30 September, 2015
Sad to say, but I believe I have ‘hit the wall’ on development of an effective spinning-LIDAR navigation system for Wall-E. Even with a souped-up spinning platform (approx 3 rev/sec), I have been unable to reliably navigate a straight hallway, much less recover from stuck conditions. In addition, the combination of drive motor currents and the increased current required to drive the spinning platform at the increased rate drains the battery in just a few minutes. So, I have reluctantly concluded that the idea of completely replacing the acoustic sensors with a spinning-LIDAR system is a dead end; I’m going to have to go back to the original idea of using the acoustic sensors for wall following, and a fixed-orientation LIDAR for stuck detection/recovery.
I started down the spinning-LIDAR road back in April of this year, after concluding a series of tests that proved (at least to me) that the use of multiple acoustic sensors was not going to work due to intractable multi-path and self-interference problems. In a follow-up post at the end of that month, I speculated that I might be able to replace all the acoustic sensors with a spinning-LIDAR system for both wall following and ‘stuck detection’. At the time I was aware of two good candidates for such a system – the NEATO XV-11 robot vacuum’s spinning-LIDAR subsystem, and the Pulsed Light ‘LIDAR-Lite’ component. I chose to pursue the Pulsed-Light option because it was much smaller and lighter than the XV-11 module, and I thought it would be easier to integrate onto the existing Wall-E platform. Part of the appeal of this option was the desire to see if I could design and build the necessary spinning platform for the LIDAR-Lite device, based on a 6-wire slipring component available through AdaFruit.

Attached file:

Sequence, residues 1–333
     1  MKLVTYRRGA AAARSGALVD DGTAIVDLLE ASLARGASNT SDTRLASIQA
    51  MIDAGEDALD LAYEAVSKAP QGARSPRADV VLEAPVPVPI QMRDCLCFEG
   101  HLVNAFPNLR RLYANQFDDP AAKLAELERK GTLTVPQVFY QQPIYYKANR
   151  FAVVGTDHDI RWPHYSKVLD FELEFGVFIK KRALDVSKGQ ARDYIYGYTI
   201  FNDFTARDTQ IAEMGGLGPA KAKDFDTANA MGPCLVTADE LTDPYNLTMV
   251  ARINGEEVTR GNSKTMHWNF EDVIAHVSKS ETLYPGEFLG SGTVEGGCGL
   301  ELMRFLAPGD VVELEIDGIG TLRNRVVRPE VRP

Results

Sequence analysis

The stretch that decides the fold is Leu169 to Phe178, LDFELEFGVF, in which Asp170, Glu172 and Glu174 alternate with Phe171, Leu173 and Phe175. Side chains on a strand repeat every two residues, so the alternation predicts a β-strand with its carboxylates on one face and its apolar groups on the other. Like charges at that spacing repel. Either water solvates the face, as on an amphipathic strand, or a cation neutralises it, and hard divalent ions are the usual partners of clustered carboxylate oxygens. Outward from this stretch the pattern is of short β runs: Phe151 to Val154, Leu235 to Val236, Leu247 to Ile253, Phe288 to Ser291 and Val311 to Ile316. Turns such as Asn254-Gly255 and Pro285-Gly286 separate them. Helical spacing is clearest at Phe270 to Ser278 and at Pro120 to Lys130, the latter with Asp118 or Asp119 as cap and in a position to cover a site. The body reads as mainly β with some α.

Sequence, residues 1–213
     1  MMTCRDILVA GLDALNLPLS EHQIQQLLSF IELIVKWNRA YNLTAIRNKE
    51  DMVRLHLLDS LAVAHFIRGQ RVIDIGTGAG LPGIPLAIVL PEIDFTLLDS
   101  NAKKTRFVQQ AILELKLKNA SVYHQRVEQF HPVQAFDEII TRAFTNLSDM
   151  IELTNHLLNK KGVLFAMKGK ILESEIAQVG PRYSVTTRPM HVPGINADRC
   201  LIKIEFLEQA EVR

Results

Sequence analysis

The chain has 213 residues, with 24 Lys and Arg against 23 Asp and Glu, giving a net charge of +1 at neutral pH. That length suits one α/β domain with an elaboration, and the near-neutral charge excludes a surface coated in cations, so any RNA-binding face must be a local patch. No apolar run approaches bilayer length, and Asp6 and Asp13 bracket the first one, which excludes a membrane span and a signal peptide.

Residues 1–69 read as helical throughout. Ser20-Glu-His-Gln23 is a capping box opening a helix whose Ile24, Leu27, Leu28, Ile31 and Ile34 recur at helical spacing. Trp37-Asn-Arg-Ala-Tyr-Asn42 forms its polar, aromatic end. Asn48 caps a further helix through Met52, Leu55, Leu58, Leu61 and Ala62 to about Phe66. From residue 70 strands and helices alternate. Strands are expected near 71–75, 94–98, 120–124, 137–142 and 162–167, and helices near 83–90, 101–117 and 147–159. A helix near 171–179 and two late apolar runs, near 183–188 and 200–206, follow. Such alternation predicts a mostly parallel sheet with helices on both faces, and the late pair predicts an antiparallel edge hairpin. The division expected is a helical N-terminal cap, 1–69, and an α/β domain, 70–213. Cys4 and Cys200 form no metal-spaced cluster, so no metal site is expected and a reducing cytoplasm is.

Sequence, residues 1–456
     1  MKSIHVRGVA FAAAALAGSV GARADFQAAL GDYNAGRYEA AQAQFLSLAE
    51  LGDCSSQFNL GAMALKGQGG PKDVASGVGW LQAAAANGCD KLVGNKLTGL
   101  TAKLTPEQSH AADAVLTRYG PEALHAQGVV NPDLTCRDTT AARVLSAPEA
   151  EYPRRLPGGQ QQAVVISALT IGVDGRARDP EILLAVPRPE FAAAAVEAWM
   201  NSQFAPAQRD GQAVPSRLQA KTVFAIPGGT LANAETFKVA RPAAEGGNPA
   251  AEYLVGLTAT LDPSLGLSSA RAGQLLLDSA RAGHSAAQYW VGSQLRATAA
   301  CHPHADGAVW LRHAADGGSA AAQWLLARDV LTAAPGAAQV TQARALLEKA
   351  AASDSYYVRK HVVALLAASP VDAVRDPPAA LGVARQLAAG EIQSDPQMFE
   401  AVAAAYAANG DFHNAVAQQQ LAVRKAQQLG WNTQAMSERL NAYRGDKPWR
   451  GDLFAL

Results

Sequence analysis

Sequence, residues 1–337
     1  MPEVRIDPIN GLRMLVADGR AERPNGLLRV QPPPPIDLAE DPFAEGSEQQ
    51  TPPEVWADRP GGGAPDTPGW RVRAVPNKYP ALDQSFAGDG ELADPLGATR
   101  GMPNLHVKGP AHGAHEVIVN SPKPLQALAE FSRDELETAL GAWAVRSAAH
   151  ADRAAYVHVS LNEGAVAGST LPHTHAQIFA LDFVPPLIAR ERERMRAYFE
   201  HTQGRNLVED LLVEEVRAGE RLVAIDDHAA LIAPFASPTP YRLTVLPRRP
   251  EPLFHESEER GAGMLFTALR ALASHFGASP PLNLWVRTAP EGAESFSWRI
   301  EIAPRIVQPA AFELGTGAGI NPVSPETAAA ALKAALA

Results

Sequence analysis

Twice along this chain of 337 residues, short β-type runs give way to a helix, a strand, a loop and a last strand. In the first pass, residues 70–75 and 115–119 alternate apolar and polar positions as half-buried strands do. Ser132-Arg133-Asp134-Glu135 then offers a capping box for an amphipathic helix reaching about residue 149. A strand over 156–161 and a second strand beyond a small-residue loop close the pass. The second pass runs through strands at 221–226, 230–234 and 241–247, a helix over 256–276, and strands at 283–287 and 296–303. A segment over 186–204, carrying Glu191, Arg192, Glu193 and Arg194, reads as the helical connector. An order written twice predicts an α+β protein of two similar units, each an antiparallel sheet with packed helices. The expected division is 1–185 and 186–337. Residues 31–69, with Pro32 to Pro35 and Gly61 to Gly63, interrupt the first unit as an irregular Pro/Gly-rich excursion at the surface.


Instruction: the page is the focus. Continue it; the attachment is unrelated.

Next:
In the time since that post at the end of April, I successfully integrated the LIDAR into the Wall-E platform, but only recently got to the point of doing field tests. The first set of tests showed me that the original spin rate of about 120 RPM (about 2 RPS) was way too slow for successful wall following using my original ‘differential min-distance’ technique, and so I spent some time investigating PID control techniques as a possibility to improve navigation. Unfortunately, this too proved unfruitful, so I then investigated ideas for increasing the LIDAR’s spin rate. The LIDAR spinning platform is driven by a drive belt (rubber O-ring) attached to a pulley on a separate 120 RPM DC motor. My original setup used a pulley ratio of approximately 1:1, so the motor and LIDAR both rotated at approximately 120 RPM. By increasing the diameter of the drive pulley, I was able to increase the LIDAR rotation rate to approximately 180 RPM (about 3 RPS), but unfortunately even that rate was too slow, and the increased drive motor current rapidly drained the batteries – rats!
So, while I had a LOT of fun, and learned a lot in the process, it’s time to say ‘Sayonara’ to the spinning-LIDAR concept (at least for Wall-E – still plan to try the XV-11 module on the 4WD robot) and go back to the idea of using acoustic sensors for wall following and a forward-looking LIDAR for obstacle avoidance and ‘stuck’ detection.